Hence, the question is and remains to be or not to be, and in many situations it may boil down to either you or me! If your being does not allow my being to exist, I must destroy you. This sense of intense powerlessness may create the desire to run down the threat, to eliminate it once and for all.

If it does not turn to hate, then it will turn to anxiety. Hate is a cold-blooded lifeless thing, a pale face that is destructive and is very dangerous. However, anger or fury is alive; it is full of blood and movement, and it is not necessarily bad if it can be tamed and handled or re-channeled towards more productive measures.

In rage, one has a red head and one wants to shake the other. Rage is loud and trembling and it searches for relationship. It has reached a point where it cannot resolve itself through words or communication anymore. It can lead to marking one’s space while desperately trying to be who one is.

This can occur because one feels trapped or forced and is trying hard to do something about the stifling situation or circumstances. One has the aim of wanting to be seen and heard. All this stems from the perception of deeply felt injustice; at the same time one is defiant and will not accept being treated in such a way. It is when we want to show others that they are wrong or we want to find ways of redressing or punishing the injustice.

At this stage, we are vengeful and want others to learn a lesson, and in some cases, we may wish to hurt them. But if it is turned inward, it may lead to self accusations. You feel that you are not taken seriously or overlooked. This can make you either depressed or can motivate you to confront it.

As you want to be yourself and be respected and valued by others, you feel hurt. It is wounding us and when we cannot resolve it, we become aggressive. This may be manifested in “playful” aggression in the form of cynicism, sarcasm or even vandalism. 

One feels meaninglessness and emptiness and may want to destroy the context. For example, by doing acts of vandalism, by scratching people’s cars, by damaging or destroying things or property, one feels partly validated and believes that one has at least restored a little bit of justice in an utterly unjust world.

This sentiment can then be carried even further when people thrive on creating more confusion and chaos in the world and may even engage in bullying and torturing victims. All of this is an expression of the painful feeling of meaninglessness; it is a kind of crying out for help.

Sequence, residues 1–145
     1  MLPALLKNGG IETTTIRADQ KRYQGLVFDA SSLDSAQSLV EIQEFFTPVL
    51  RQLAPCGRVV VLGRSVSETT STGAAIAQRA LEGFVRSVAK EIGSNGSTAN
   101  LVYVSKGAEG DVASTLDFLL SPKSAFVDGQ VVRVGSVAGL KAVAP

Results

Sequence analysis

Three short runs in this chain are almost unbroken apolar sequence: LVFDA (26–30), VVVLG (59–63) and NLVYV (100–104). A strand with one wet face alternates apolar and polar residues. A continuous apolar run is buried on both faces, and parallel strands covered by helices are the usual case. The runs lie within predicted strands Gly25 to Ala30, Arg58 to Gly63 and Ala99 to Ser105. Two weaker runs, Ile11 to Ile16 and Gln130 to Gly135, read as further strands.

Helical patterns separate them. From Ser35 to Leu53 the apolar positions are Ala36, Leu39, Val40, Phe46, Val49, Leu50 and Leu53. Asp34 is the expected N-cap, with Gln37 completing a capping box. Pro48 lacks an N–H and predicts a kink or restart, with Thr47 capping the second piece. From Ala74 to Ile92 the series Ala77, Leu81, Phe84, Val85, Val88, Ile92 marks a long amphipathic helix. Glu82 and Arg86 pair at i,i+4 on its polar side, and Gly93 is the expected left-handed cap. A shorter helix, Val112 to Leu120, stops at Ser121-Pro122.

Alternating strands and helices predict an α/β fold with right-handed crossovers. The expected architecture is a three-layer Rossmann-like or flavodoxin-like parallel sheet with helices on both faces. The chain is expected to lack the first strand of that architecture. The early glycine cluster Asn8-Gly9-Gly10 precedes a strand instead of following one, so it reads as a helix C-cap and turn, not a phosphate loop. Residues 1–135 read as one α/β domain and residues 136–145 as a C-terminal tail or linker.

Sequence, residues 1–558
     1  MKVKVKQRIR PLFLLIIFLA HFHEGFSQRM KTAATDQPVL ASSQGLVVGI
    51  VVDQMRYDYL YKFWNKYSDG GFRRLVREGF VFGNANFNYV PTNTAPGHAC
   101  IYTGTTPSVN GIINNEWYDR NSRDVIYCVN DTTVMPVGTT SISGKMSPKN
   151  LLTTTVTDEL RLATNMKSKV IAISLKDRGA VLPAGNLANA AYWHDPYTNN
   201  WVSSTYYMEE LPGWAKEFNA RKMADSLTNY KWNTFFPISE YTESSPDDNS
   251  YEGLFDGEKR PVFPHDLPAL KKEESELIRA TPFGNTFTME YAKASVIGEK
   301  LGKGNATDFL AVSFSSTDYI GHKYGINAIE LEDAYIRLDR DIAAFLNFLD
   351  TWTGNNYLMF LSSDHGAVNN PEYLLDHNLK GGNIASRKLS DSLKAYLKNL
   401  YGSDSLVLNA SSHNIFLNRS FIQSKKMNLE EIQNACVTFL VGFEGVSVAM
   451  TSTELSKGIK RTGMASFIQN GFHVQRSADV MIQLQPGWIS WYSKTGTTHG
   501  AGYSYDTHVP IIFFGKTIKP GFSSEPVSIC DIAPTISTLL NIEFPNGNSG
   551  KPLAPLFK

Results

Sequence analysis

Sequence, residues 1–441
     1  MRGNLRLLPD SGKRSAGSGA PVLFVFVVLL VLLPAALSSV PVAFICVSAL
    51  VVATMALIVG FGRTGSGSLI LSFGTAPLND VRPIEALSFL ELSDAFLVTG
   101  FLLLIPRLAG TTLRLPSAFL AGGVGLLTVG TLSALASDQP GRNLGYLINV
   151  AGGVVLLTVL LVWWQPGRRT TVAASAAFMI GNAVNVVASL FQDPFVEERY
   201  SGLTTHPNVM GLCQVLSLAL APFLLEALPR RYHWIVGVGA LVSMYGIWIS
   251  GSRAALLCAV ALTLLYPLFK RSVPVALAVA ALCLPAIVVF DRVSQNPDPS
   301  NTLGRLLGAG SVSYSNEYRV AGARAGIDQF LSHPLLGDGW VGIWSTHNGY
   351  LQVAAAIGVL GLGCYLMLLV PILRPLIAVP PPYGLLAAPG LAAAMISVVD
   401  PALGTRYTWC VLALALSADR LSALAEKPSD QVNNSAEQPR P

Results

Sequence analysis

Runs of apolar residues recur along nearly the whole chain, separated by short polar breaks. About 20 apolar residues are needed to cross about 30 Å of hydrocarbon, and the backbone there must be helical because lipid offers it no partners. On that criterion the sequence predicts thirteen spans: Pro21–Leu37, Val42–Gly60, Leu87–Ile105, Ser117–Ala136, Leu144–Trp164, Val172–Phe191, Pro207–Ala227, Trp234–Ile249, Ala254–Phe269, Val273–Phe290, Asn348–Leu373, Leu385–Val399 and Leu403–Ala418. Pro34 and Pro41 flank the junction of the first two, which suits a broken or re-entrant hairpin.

The cynic, for instance, says something but actually means the opposite and does so not only to get a point across but to draw attention to themselves. With sarcasm, the speaker uses cutting humor and biting derision because there are things they find not only hard to accept in and about the world but they also try to protect themselves from such perceived threats.  

As a rule, any type of violence, from the seemingly benign to the overtly aggressive kind is inherently selfish; one’s self interest is more important than others and one may be even inconsiderate of the damage that one causes with one’s behavior. Yet the driving force of it all is protection, a protection for survival and it is seen as a desperate coping mechanism to deal with anxieties and uncertainties.

As Längle pointed out, the problem is not the aggression itself, but rather giving into that feeling in a blind and unseeing manner. Yet using it in a seeing and understanding way, feelings of aggression can give us insights into our lives and being. Aggression can then give us the capacity to evaluate our inner self and come to a better life.

Yet we need to humanize aggression and not let it take control of us. It has a hidden message that can help us understand and see ourselves in a clearer light. But in order for this to happen, we must detoxify it from its harmful potential and see it as a lesson to be learned and realize its helping power. 

The worst is to let it fester and become hatred. Hatred has no saving grace or silver lining; it is inflexible, destructive, and damaging both towards ourselves as well as others.

Monday, September 5, 2016

Lalun: Music out of this World and the Quest for Peace

World music band Lalun playing live
Yesterday, I had the pleasure of attending a concert entitled “Lalun – Dreams from Andalusia and the Silk Road” at the Vancouver Playhouse. I was intrigued by this musical ensemble as they advertised themselves as a globe-trotting world music group that was influenced by music from Europe, Asia and the Middle East.

The individual members and their instruments looked equally eclectic; there was Liron Man who is originally from Israel but living in Spain and he was playing hand pans (?) as well as Lan Tung from Taiwan / Canada playing the erhu, a type of Chinese violin, and, last but not least, Canadian Jonathan Bernard on (various types of) percussion.    

I had a certain amount of expectations as I generally enjoy and often listen to world music. Entering the concert room, my family and I were lucky to find front-row seats. After a bi-lingual introduction (English and Chinese) that included a seemingly endless list of sponsors, basically a long string of Vancouver restaurants, banks, businesses and what-have-you, the musicians took over the stage and wasted no words but jumped right into the music.